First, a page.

I’m going on a pasta journey to discover Italy’s cuisine.
Italy’s culinary diversity has always surprised me. I learned about it back in Italian classes in college before I’d studied abroad. “Every region has its own traditions and dishes,” our professor said. I understood her words, but I didn’t fully comprehend her meaning until I started living in Italy.
That’s because I was comparing Italian food to dishes in the U.S.—how some are more popular in certain states than others. There’s gumbo or jambalaya in the Creole south, clam chowder from New England, pepperoni rolls from West Virginia. I still have a beautifully illustrated cookbook, a garage sale steal at 50 cents, called America, the Beautiful with different dishes from distinct areas of the U.S.
Thinking back to my own country’s different culinary traditions, I sort of understood Italy’s. I mean, some people have never heard of pepperoni rolls. But it’s not the same. Italy is an old land and a young country. It has been inhabited by civilizations since before the Ancient Romans, with the Etruscans and Celts; it has been a unified country only since 1861. And it’s not a neat, round, contained shape, but famously a long boot. Along the peninsula, many different city-states were ruled by local lords or extensive royal families, and they existed independently of areas farther up or down the land—like, fiercely independently. They considered themselves individual nations and warred frequently. Different customs, languages, and foods developed many cultures.
Today under a unified Italy, dialects and accents remain, as do different dishes and food traditions. Someone from Piemonte has likely never tasted all the regional specialties of Calabria, and vice versa (unless they’ve gone on a foodie vacation). It’s not like jambalaya, which I’ve eaten numerous times though I’ve never been to Louisiana. There are entire regional Italian menus that, beyond never tasting, “non-natives” have never heard of nor would even understand what it was in dialect.
Something that connects all Italian regions is, of course, pasta. And pasta dishes retain the regions’ culinary diversity. The origins of pasta itself are contested. According to the International Pasta Organisation (“a non-profit Association dedicated to increase pasta consumption and awareness” based in Rome), pasta dates back to the ancient Etruscans, who mixed different ground grains with water and cooked the food to make a sort of pasta. Other theories point to the 13th century with Marco Polo, who claims to have brought it back from China in 1271. It’s actually probable that several cultures developed something similar to pasta simultaneously (you can check out their site for different theories).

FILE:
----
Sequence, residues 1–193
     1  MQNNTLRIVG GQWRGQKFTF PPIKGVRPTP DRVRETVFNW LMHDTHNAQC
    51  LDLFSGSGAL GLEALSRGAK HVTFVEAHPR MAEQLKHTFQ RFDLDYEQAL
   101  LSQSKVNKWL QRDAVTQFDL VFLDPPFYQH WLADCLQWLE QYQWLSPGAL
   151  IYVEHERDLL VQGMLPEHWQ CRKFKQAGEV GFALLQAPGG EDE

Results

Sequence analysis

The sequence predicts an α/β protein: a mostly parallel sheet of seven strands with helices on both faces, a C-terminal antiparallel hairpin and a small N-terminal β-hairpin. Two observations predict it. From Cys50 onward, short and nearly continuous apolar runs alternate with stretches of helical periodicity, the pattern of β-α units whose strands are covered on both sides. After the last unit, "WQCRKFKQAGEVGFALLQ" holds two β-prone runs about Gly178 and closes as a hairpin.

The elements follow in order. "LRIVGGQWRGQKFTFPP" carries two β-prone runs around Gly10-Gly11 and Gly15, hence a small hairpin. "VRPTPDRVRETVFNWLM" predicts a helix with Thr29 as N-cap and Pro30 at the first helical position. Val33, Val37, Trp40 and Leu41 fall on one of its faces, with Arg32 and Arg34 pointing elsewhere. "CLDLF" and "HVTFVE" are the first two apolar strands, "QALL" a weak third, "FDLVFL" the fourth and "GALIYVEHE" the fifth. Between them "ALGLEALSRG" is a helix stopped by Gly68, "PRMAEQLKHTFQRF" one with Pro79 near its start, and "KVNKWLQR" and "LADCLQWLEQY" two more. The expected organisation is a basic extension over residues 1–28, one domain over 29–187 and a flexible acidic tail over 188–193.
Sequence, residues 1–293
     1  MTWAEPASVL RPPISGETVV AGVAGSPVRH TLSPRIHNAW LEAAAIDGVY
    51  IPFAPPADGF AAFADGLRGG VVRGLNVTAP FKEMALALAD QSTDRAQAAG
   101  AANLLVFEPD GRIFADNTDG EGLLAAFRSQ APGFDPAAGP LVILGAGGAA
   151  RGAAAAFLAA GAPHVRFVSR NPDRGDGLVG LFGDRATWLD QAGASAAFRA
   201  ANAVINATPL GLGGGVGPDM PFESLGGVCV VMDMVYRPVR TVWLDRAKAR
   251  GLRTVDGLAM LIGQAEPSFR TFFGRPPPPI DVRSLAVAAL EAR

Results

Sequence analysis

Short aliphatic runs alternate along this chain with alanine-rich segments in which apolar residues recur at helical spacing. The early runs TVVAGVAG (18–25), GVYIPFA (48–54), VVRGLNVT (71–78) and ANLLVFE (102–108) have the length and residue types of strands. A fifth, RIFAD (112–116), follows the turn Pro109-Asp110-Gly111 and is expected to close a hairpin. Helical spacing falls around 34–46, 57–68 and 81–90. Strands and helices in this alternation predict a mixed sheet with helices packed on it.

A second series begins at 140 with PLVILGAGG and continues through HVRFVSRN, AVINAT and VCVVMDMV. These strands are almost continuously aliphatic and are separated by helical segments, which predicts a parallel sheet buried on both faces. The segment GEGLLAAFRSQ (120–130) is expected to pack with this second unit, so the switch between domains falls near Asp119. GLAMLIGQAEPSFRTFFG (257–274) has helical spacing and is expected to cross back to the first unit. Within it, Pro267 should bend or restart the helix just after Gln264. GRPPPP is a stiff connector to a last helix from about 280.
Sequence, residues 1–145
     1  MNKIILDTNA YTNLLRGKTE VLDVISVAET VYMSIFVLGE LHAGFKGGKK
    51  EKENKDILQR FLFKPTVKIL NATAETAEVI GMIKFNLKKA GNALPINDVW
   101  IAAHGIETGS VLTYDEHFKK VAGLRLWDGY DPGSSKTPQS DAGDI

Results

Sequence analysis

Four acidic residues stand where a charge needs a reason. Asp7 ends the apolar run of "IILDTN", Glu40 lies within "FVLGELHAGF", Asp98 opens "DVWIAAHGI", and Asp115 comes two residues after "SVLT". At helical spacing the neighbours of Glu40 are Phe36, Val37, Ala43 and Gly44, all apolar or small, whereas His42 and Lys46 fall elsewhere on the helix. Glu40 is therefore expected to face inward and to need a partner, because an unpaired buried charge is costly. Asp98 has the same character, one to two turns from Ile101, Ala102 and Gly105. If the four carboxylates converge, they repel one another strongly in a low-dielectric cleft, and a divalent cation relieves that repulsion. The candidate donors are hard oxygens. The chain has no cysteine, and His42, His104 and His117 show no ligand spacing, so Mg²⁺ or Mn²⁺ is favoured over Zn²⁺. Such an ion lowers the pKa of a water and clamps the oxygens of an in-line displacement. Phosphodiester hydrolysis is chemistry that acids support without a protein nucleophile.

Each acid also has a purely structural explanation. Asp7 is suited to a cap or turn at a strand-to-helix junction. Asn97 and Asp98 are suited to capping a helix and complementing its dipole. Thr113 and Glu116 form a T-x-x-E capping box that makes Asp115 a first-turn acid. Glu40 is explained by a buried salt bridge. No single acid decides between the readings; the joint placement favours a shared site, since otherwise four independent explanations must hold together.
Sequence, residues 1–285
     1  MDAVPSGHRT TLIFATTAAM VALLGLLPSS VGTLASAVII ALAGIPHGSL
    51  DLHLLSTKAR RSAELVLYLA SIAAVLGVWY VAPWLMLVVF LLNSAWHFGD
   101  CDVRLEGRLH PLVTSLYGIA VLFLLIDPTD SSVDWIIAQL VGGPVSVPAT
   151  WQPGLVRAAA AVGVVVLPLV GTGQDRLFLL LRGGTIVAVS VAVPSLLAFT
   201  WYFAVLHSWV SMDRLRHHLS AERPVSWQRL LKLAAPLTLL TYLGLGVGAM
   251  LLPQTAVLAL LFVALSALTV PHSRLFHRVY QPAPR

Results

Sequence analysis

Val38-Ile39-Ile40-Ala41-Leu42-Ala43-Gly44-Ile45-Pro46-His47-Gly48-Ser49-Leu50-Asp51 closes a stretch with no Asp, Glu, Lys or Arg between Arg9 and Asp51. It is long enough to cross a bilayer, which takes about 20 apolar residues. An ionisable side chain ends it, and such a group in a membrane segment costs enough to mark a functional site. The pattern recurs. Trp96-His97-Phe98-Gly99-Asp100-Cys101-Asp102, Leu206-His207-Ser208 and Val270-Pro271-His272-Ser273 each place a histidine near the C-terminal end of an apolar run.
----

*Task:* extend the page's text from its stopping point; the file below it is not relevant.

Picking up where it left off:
So I’ve decided to go on a pasta journey. I want to learn about pastas I’ve never tasted and the history behind them, and I want a whole arsenal of recipes that work in any situation, that satisfy my cravings or fill anyone’s request.
Another thing: I’ll start from tradition, but if need be, I’ll put my own spin on it until I find the way I like it best. I’ll also put in a “non-classics” section, because food is, if anything, flexible and creative.
A few things to note about pasta dishes: the shape is not a casual choice. Certain shapes go with specific recipes and come from different areas (orecchiette with Puglia, or trofie from Liguria). Pasta is also the main player in a dish. If you cook it al dente and buy the good, durum wheat kind (semola di grano duro)—bronze cut, if you can find it—then you’ll see why. The sauce accompanies the pasta, not the other way around.
The recommended serving per person with durum wheat pasta is 80 grams (2.8 oz); fresh egg pasta at 120 grams (4.2 oz). The real recommended serving for hungry people is around 100 and 150 grams (3.5 and 5.3 oz). This way, people can have seconds without feeling bad about taking the last serving.
I’ll start listing the recipes below that I make by region. I was going to create a checklist, but I just took a look at Il Cucchiaio d’Argento’s regional dishes and have found, unsurprisingly (yet I can’t believe I’ve never heard of them), dozens of recipes I’ve never had. The checklist will come later.
And here’s a fun infographic from Carla Ruggiero on crochetta.net, with even more types of pasta—never mind the recipe that goes with it—that I’ve never even heard of before (click to see the original).
Pasta recipes by region:
Cover photo from Robert S. Donovan, Creative Commons